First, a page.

A BEACH hut owner has blasted the city council over a planned hike in charges.

Linda Malcolm, 69, of Wilbury Avenue, Hove, is outraged by the planned increases despite what she thinks is a decline in services for hut users.

The annual licence fee paid by owners to the council is set to rise by £36.80 to £404 per year, along with a dramatic rise in selling-on fees by over £1,130 or ten percent of the sale price.

Ms Malcolm said: “Personally, I would not have a problem paying more for my licence fee if I felt current standards were going to be maintained but don’t believe this will be the case.

“Standards of seafront care have deteriorated hugely in the time we have owned a hut and I strongly suspect they will continue to do so.

“I don’t mind continuing to pay at the current rate because I understand about government cuts and austerity.

“However, I do not accept that fees should be increased while the service declines.

“As for paying a percentage to the council if I sell my hut, I think this is ridiculous.

“The council provides me with a very poor service and as word gets around about the declining facilities I imagine the huts will become virtually unsellable anyway.”

Ms Malcolm, who has owned a hut on the Western Esplanade near Hove Bowling Green for more than ten year with her sister Barbara, said the hut was indispensable and a way to relax when she is not caring for her mother.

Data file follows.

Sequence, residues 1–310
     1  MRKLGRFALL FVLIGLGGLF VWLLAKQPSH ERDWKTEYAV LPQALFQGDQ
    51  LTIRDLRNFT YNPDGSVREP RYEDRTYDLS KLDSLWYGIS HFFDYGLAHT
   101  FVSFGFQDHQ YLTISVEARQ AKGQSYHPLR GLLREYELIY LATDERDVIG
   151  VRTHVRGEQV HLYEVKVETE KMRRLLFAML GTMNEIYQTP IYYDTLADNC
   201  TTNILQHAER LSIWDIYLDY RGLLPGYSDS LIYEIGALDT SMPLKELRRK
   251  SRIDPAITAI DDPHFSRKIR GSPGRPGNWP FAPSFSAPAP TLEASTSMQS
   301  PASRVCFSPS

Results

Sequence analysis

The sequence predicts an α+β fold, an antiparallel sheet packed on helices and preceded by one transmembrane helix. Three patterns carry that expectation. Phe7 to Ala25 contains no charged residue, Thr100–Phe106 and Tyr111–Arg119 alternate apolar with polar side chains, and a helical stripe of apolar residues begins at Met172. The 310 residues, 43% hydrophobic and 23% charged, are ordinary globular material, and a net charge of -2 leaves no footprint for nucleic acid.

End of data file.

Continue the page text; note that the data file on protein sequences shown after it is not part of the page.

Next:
She told of a toilet block by the hut, which is often “filthy” and has had its summer opening hours reduced, forcing her to clean up excrement left behind the huts.

She also told of the tap for hut owners often being out of service and overgrown and neglected plant beds.

Under current proposals, when a hut is sold sellers must pay £82 transfer fee but this is set to rise to £1,212 or ten percent of the sale price, whichever is highest.

But with huts sold this year ranging from £16,000 to £22,500, and one currently on the market for £25,000, sellers’ transfer fees could rise as high as £2,500.

The “declining services” are stark contrast to the list of rules hut owners must follow by including, carrying out necessary repairs and insuring it, Ms Malcolm added.

A Brighton and Hove City Council spokeswoman said: “The proposal is for the council to have a more realistic share in the profit when beach huts are sold, in line with other councils.

“Any additional income would assist with the on-going management of the seafront.”

The council was debating the issue last night.